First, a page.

1993-10-14 - DES: breaking, attacking

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From: Karl Lui Barrus <klbarrus@owlnet.rice.edu>
To: cypherpunks@toad.com
Message Hash: 1b5315ec3067fd40f129740683cf482a349a74ab0a66a7284a655b01e30710d1
Message ID: <9310140317.AA06605@flammulated.owlnet.rice.edu>
Reply To: N/A
UTC Datetime: 1993-10-14 03:19:59 UTC
Raw Date: Wed, 13 Oct 93 20:19:59 PDT

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From: Karl Lui Barrus <klbarrus@owlnet.rice.edu>
Date: Wed, 13 Oct 93 20:19:59 PDT
To: cypherpunks@toad.com
Subject: DES: breaking, attacking
Message-ID: <9310140317.AA06605@flammulated.owlnet.rice.edu>
MIME-Version: 1.0
Content-Type: text/plain


On the method Douglad Holland posted about breaking the DES... an
interesting property of DES is that of complimentation.  That is, if
encryption of plaintext P under key K produces ciphertext T, then
encryption of plaintext P' under key K' produces ciphertext T', where
the primes (') mean bitwise complement.

If:       T  = DES(P ,K)
then      T' = DES(P', K')

Cryptanalysis can exploit this if two pairs are available such that 
T' = T or P' = P.

What this boils down to is a 50% reduction in work.  So now instead of
taking 10 billion years it'll just take you 5 billion :-) Complexity
wise, it's just 2^55 steps instead of 2^56, so it may not buy you too

A more interesting attack I read of is a probabilistic attack against
DES.  Suppose you encrypt sensitive data, and change keys once a
month.  I can attack you by trying as many decryptions as possible
within the month.  Sure, I am not guarenteed success, but the point is
that if I do this month after month, I have a decent chance of success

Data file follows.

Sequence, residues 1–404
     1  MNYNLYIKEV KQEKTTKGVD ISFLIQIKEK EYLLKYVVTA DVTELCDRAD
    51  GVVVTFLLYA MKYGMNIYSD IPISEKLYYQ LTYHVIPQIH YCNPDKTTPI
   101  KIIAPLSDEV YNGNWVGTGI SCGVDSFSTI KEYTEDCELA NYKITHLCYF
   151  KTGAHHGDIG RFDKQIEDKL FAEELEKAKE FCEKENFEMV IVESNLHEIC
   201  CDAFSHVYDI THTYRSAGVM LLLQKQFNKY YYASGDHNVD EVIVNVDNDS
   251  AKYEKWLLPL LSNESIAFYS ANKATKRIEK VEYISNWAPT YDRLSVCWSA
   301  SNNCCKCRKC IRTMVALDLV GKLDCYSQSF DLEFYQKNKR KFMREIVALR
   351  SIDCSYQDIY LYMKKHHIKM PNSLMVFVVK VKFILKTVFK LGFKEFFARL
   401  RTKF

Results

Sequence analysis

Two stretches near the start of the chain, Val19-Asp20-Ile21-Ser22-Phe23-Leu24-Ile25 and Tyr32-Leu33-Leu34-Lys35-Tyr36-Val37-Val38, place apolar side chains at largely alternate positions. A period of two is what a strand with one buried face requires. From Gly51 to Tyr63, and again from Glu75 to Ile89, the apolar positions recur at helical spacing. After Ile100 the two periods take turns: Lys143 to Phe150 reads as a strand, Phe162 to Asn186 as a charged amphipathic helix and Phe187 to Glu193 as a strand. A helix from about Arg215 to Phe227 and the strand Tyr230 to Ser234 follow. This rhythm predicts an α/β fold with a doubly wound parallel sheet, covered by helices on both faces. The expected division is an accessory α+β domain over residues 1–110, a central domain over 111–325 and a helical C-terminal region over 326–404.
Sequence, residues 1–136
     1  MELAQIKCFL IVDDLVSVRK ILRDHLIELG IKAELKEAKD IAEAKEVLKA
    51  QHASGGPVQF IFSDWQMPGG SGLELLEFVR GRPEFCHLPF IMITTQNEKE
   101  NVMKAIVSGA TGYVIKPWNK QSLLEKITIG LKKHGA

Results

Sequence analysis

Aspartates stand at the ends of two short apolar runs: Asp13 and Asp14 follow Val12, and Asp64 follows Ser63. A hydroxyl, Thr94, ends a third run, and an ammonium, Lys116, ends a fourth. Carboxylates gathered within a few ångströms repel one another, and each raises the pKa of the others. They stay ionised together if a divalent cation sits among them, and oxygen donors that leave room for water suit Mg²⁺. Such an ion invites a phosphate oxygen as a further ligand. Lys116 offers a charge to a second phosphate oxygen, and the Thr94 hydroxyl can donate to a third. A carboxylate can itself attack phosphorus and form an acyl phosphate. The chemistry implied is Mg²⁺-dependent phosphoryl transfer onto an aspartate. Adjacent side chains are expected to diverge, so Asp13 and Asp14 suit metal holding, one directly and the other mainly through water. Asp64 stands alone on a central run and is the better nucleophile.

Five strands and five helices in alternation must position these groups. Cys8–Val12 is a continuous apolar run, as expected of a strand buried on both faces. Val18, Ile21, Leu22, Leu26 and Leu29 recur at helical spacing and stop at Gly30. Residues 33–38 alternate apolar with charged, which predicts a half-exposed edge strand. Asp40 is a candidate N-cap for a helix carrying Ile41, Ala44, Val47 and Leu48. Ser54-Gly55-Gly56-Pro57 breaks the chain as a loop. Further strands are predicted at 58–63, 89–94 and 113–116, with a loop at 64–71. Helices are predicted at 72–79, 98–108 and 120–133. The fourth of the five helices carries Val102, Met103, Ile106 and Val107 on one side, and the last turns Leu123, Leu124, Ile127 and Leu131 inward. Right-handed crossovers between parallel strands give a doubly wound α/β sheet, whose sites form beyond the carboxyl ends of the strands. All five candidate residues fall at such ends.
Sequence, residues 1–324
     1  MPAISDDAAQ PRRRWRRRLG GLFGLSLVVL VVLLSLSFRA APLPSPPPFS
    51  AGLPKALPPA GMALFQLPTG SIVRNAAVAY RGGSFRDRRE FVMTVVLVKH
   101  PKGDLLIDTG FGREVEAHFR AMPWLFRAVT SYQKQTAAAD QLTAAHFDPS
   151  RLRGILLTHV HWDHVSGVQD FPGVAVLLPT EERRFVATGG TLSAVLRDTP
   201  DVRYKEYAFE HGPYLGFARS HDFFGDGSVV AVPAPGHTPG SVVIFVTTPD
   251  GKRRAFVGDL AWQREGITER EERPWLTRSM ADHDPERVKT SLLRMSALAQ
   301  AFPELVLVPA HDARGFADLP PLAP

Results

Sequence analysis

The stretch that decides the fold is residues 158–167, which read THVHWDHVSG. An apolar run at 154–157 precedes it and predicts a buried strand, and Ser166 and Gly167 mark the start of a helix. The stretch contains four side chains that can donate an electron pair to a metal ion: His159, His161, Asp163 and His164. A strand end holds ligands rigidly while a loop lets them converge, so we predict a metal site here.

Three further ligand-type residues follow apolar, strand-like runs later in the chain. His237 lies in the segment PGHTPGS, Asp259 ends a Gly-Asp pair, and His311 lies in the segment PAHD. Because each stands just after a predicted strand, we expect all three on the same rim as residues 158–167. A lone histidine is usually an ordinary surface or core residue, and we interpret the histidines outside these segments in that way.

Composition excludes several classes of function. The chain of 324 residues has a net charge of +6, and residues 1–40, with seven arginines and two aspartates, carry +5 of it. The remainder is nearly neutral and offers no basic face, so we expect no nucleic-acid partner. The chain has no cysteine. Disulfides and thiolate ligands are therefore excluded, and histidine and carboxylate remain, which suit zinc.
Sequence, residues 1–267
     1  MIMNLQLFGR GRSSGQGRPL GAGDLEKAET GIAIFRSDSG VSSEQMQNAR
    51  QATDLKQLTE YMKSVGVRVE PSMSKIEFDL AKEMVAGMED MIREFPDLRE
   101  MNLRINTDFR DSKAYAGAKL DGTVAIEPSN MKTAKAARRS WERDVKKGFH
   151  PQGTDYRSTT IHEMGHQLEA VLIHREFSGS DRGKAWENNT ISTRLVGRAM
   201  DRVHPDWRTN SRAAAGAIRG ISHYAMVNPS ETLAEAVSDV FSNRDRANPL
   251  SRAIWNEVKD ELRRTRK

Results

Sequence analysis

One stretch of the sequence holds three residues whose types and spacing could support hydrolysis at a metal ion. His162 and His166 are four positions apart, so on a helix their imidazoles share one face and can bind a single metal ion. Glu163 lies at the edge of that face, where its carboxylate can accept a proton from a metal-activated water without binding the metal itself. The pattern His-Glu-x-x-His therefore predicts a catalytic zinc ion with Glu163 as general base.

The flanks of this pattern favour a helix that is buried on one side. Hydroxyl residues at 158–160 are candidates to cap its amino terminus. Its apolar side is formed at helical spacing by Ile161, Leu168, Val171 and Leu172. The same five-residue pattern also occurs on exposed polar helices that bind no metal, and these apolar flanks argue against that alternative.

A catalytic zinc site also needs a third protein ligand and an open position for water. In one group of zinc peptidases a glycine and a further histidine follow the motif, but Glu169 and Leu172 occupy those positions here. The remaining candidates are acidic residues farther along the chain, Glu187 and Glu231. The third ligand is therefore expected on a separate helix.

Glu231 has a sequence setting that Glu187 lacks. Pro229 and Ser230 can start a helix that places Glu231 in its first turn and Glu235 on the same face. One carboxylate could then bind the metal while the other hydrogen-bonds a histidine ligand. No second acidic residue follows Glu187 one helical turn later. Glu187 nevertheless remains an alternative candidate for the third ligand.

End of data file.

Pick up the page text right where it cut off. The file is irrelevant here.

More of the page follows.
at some point during the year.  And if the information you encrypt is
valuable, once success during the year is all I'll need.

An upcoming book on cryptanalysis details this attack; the author
calculates success rates given various estimates for hardware (speed
and number) and frequency of key shifting.  It is quite arresting:
even if you change keys every week, if I can muster enough computer
power to give me a 1% chance of success, the chances are "good" that
at some time during the year I'll succeed in decrypting a message.

For example, if I can be guarenteed of breaking your DES encrypted
message in a year (say I can mount a brute force attack that does 2^56
encryptions and takes a year), there is an 8% chance the key will be
recovered in one month.  So even if you change your key every month, I
have an 8% chance of success.  If your key is needed to conduct
financial transactions and you are a bank, I can profit greatly from
one success.

So basically, DES is looking more and more disadvantaged with its
relatively small key size (64 bits, of which 8 are predictable parity

Karl Barrus <klbarrus@owlnet.rice.edu>

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